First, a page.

Contrary to previous reports by Nojima and colleagues , we did not observe statistically significant differences in the degree of performance improvement in the untrained hand depending on the type of visual feedback provided during the task [1, 8]. The current findings are, however, consistent with results from a recent study , in which we also proposed that a variation of visual feedback was unlikely to be the underlying driving factor behind previously reported mirror training-related behavioural improvements [see 6, 24, 25]. Despite the purported association between increases in corticospinal excitability (as a measure of plasticity changes in the motor cortex) and motor learning processes, our previous study  did not find increased corticospinal excitability facilitation in the ipsilateral motor cortex in the MVF condition when compared to more standard visual feedback conditions (i.e., watching the active or the passive hand). It was thus concluded that the unilateral execution of the movement itself represented the more important mechanism underpinning MVF-induced gains in the untrained hand, with AO-effects potentially being manifested concurrently to a lesser degree.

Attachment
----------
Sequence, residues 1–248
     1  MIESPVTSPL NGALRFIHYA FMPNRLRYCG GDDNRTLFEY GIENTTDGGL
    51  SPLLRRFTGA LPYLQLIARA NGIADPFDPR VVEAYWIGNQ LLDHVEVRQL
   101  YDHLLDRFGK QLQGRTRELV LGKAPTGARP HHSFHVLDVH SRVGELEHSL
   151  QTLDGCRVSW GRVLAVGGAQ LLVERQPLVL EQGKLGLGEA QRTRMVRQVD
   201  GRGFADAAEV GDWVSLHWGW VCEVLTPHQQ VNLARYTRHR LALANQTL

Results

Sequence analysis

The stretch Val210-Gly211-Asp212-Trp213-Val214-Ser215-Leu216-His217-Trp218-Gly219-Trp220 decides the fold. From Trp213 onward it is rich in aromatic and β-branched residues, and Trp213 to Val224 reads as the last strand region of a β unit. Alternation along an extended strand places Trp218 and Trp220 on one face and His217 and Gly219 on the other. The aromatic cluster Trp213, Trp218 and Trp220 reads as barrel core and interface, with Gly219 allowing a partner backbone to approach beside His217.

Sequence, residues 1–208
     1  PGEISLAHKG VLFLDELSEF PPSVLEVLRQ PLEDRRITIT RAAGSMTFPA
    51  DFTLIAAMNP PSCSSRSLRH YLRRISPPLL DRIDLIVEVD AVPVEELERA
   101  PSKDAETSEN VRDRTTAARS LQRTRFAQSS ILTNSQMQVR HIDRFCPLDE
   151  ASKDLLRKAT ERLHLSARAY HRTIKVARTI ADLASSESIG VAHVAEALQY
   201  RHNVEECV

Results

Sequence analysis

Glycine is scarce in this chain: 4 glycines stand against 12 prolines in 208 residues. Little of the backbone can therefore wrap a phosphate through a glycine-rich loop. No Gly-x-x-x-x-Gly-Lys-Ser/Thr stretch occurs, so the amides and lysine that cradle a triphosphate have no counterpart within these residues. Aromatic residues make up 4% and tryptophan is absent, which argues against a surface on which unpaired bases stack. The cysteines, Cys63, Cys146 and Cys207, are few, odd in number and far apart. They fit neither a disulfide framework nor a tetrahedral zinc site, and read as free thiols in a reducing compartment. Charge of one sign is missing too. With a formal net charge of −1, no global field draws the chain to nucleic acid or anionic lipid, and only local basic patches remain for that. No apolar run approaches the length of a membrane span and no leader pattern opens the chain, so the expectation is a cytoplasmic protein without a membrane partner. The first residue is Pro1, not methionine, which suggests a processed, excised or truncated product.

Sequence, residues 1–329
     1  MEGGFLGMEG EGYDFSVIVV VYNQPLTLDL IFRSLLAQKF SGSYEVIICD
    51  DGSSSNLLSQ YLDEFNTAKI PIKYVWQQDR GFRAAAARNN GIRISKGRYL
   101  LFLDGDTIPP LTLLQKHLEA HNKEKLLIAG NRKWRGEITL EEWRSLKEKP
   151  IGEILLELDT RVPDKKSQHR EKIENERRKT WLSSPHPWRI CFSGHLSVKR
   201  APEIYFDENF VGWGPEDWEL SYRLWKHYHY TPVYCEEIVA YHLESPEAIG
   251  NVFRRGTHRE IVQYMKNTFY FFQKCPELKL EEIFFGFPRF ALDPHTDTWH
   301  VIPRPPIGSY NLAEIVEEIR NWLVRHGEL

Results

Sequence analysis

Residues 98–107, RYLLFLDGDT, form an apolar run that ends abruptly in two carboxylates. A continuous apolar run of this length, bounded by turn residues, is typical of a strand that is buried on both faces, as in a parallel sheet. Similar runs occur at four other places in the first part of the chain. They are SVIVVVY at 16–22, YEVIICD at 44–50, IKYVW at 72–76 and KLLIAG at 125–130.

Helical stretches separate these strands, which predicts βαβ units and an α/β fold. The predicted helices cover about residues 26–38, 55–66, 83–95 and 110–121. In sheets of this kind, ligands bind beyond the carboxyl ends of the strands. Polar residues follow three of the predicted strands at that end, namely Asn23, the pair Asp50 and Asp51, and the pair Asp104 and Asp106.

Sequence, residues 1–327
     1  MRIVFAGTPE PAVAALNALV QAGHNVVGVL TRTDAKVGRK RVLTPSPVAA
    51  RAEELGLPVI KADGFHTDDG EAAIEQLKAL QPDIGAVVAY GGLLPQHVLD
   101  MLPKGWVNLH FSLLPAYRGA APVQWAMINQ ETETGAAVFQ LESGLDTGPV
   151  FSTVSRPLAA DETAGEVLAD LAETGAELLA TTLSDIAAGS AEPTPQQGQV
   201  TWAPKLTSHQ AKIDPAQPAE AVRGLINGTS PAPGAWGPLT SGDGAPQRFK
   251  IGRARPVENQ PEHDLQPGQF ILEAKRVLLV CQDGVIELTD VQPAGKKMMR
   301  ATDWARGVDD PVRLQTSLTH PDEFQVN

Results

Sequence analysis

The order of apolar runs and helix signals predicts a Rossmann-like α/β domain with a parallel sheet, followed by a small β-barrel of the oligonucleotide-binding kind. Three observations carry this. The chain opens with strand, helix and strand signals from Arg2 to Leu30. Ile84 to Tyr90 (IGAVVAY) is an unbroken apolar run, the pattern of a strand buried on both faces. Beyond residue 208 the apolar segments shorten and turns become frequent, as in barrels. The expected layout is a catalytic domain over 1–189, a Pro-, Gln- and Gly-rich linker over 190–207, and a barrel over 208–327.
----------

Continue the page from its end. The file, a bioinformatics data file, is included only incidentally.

Alternatively, it is conceivable that the inconsistency in findings between the current study and Nojima and colleagues  may reflect subtle differences in the experimental setup. Specifically, participants in the mirror group in the current study were only able to see the mirror image of the active hand (superimposed over the inactive hand), whereas in Nojima and colleagues’ experiments [1, 8] participants were permitted peripheral vision of the active hand as well as its mirror image. The cross-activation hypothesis of cross-limb transfer  is predicated upon the fact that unilateral tasks are associated with bilateral cortical activation, e.g., an increase in unilateral force leads to an excitability increase in the projections to the opposite limb . Accordingly, allowing people to view both ‘hands’ (i.e., the active hand and the mirror image—as was the case in Nojima et al’s studies) may have led to more pronounced changes in the M1 ipsilateral to the active hand and may subsequently have led to greater performance increases when compared to the MVF condition in the current study, where participants only saw a single limb. This view is also supported by previous research investigating the underlying neural mechanisms of MVF [32–34]. Specifically, Fritzsch and colleagues  argued that the production of additional ipsilateral activation in M1 from MVF might have been due to the availability of vision of the mirror and the active hand during task execution. However, as we did not attain any neurophysiological measures, nor test conditions in which one or both hands were visible, we are unable to determine whether this proposition holds true in the current experiment.